Such is then the prominent and first-named point in the chapter. "But thou hast fully known my doctrine" etc. The resource — the safeguard — the ground or principle of action of the saints in an evil day. Without Paul's doctrine, they had nothing stable to preserve them and keep them together on divine ground in the midst of corruption; with it, they would find that under their feet which would never fail.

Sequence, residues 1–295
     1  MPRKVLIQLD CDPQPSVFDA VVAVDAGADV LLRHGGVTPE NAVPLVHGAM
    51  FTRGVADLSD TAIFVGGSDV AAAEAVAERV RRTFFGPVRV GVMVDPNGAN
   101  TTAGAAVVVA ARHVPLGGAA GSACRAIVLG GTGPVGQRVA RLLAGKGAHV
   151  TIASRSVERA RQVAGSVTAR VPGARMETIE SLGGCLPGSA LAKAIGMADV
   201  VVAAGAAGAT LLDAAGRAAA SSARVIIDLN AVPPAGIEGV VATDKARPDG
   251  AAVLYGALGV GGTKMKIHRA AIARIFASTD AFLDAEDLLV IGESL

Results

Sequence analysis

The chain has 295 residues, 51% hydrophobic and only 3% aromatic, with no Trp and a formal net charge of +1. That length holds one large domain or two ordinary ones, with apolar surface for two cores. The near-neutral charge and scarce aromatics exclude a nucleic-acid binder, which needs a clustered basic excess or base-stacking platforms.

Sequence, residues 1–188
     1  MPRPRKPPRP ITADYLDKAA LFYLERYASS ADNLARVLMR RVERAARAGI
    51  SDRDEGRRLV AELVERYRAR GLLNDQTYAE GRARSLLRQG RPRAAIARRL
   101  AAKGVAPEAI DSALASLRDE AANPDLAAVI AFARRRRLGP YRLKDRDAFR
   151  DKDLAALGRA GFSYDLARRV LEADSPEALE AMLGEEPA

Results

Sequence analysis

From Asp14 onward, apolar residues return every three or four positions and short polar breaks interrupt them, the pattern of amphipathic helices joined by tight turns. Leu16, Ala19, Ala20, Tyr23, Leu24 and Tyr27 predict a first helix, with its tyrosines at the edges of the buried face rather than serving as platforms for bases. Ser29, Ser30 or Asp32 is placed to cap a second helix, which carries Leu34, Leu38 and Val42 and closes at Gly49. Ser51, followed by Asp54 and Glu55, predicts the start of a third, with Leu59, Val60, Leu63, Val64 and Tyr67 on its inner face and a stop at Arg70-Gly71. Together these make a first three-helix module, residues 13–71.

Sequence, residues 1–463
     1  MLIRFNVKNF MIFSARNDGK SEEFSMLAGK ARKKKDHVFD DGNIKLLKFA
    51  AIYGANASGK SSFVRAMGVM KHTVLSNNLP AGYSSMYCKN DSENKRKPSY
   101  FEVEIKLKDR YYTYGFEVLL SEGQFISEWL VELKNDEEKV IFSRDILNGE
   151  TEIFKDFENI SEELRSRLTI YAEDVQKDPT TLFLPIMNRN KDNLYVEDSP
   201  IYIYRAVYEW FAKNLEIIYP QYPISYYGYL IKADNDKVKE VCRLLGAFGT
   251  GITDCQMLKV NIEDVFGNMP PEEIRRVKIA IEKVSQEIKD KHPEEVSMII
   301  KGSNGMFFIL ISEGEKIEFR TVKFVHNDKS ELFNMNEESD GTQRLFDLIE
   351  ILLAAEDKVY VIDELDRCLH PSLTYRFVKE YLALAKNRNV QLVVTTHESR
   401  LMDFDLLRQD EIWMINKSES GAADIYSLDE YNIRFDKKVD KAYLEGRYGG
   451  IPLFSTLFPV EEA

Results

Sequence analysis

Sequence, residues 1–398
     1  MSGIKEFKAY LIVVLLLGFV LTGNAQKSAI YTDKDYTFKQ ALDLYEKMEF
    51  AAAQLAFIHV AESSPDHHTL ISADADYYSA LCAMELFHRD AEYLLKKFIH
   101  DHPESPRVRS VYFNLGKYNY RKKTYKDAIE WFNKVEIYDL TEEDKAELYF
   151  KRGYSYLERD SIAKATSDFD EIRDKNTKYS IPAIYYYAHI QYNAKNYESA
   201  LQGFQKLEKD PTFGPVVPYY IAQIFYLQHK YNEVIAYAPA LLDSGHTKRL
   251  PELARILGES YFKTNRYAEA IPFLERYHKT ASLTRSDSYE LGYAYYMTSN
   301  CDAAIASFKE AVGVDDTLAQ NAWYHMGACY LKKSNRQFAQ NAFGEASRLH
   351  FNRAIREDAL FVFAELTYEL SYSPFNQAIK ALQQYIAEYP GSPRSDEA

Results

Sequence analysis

Have we then Paul's doctrine? We may boast, as all do, that we have the Scriptures — surely it is well. We may have confidence, that an ever faithful Lord will never leave nor forsake His people, and that He knows them that are His, and will keep them unto the end. But can we say that we have Paul's doctrine of the Church — the Body of Christ on earth formed is by the presence and baptism of the Holy Ghost? Having it, can we say that we are as living members, acting upon the truth of it through the never-failing supply of grace He gives? Or, do we come under the character of those who are described as "ever learning and never able to come to the knowledge of the truth — those whose mind and intellect the truth has reached, but without faith, and hence without practical value in our lives?" Of the truth we can say as of faith: "What profit, my brethren, if a man say he have the truth?" if he have not shown that he has faith in it, and thus has learned to act upon it as something in which he believes?